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Mixed media object: large and fragile structure

Sofia Marques
Sculpture Conservator

Figure 1

Figure 1: Model of Portion of the Tower of the Captive, Alhambra, Granada, Spain

The architectural model, signed by Enrique Linares, of the Tower of the Captive in the Alhambra's palace, Granada, will be one of the many curious objects selected for the Architectural Gallery (figure 1). This model aims to reproduce one of the great achievements of Hispano-Muslin architecture.

The model of the tower, built in the 14th century in Southern Spain, was made about 1880 with velvet, wood, paper, painted plaster and marble.

The variety and fragility of the materials, the weight (99kg) and the size (95x92x63.5cm) makes this object a complex one in conservation terms. As a result of this complexity, the conservation treatment varied in nature and degree of difficulty. Overcoming the handling of this object in order to sort out structural problems was a major concern. Consolidating the structure was also a challenge.

The model is made of painted plaster and consists of three walls and a ceiling. A wooden case, covered with red velvet, houses the model. Torn paper has been placed in between the wooden case and the plaster model to secure the plaster within its case and also to absorb any potential impact. This case resembles, in shape and colour, the original tower with plain walls of a reddish colour. The red colour of the velvet enhances the polychromy, which decorate the walls and ceiling of the interior. The painting on the plaster aims to represent painted tiles just above floor level, painted and gilded stucco panels above the tiles and the wood ceiling and door. The floor, the columns dividing the windows and the windowsills are made of white marble. Like a painting, a frame surrounds a big opening that is in place of the fourth wall, inviting the viewer to look inside. The two lateral windows offer different views on the interior.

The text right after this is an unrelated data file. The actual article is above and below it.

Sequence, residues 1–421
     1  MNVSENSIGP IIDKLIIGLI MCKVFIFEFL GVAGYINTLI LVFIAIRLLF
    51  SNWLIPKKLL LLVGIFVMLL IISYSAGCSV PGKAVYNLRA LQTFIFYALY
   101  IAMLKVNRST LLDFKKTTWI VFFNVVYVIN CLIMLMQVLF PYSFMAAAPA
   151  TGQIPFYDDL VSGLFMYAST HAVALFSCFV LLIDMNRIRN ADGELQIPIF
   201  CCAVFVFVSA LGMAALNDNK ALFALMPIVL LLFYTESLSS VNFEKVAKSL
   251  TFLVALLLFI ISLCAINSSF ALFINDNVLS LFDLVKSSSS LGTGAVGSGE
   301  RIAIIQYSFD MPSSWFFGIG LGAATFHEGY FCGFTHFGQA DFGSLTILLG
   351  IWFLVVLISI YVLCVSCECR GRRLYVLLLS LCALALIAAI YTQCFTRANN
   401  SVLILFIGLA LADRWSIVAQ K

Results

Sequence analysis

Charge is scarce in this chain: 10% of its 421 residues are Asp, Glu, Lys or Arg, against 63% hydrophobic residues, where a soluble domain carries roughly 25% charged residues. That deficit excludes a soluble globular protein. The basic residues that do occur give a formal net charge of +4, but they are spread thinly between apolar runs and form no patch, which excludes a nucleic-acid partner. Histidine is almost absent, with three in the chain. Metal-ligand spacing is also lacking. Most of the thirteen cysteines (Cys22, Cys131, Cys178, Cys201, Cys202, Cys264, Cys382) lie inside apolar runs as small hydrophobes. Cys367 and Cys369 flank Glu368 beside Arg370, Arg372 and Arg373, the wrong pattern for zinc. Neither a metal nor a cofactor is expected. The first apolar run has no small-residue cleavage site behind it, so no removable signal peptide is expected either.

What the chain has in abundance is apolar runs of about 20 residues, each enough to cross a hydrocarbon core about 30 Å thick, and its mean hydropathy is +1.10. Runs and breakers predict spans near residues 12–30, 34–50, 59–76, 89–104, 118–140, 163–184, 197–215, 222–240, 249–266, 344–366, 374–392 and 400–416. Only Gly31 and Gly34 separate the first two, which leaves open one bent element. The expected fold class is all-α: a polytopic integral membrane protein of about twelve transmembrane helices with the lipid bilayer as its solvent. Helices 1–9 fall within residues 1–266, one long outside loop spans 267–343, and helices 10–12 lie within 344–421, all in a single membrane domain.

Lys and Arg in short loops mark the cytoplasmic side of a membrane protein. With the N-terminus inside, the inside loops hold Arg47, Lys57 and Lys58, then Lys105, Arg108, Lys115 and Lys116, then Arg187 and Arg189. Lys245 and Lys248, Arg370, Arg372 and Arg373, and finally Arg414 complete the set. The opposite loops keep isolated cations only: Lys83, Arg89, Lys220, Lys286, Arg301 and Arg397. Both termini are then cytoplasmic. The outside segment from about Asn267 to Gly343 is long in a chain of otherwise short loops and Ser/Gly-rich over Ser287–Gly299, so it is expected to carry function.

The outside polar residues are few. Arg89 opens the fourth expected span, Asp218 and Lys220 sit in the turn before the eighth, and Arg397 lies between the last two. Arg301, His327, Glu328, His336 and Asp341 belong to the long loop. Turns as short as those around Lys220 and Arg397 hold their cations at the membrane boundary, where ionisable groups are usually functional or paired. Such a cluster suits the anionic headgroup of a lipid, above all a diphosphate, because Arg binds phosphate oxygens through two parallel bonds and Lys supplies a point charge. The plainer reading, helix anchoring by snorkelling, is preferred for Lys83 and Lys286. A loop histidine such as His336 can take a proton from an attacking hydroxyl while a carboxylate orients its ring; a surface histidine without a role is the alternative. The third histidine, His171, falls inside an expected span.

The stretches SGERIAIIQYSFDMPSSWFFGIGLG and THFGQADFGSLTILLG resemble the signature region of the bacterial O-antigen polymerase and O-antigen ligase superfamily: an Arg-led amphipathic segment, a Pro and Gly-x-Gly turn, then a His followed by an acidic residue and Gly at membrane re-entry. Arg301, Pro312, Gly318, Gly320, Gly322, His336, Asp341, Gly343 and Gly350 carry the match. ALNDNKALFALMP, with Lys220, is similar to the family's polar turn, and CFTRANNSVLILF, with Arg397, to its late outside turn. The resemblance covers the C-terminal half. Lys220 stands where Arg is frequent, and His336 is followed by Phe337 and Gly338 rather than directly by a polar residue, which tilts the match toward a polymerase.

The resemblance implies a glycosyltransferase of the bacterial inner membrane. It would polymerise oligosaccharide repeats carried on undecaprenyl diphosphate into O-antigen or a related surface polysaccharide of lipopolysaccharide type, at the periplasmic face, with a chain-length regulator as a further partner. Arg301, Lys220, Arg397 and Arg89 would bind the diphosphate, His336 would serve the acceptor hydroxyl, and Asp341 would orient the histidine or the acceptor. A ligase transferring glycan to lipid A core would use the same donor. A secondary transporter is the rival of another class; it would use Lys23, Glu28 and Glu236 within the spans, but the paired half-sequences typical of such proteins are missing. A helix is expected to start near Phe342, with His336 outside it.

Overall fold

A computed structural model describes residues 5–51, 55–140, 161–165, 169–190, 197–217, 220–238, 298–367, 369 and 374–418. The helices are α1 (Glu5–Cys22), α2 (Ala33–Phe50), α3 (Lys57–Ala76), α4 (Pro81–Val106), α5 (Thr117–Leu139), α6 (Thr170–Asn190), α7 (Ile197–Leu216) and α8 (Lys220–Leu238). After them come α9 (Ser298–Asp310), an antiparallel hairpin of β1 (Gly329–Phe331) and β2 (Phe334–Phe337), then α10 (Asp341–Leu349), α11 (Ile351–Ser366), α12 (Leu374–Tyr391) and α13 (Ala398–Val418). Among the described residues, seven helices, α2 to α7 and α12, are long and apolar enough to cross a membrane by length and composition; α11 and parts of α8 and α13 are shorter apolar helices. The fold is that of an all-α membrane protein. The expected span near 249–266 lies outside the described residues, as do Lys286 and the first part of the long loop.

The velvet, which covers the wooden case that houses the model is unfortunately in a very poor condition. Textile conservators of the V&A were consulted for advice that stated that the conservation of the velvet is practically impossible. Even the use of Parylene 1 as a consolidant was ruled out. The method of application of Parylene takes place in vacuum and creates a thin (less than 1µm), even and transparent film. It has been used to rescue very fragile objects such as leaves! To ensure a successful consolidation, removing the velvet from the case would have been ideal but was an operation presenting high risks. Consolidating the velvet in situ brought other problems for the rest of the object. Further this co-polymer is renowned for having bad ageing properties and reversing the treatment is impossible 2 . The velvet, therefore, was not consolidated and was only lightly vacuumed using a very soft natural hairbrush.

Before any further decisions are made this non-intervention will require regular assessments in order to monitor the rate of degradation once it is on display.

Three steps were established to address the object's structural problems whilst minimising contact with the badly damaged surface. The first step was simple but effective: a plywood board, longer than the base of the model and with handles at each end, was cut so the object could be moved and transported according to the need without touching the velvet.

The second consisted of building an 'L' structure in plywood padded with two lengths of Plastazote®, one at the top and one at the bottom edge of the back of the model. This enabled the model to be tilted on its back so that work could be carried out on the base of the model, where three of the feet were detached or loose. This way, handlers did not touch the model and instead, only two points of the velvet were in contact with Plastazote® covered with acid-free tissue.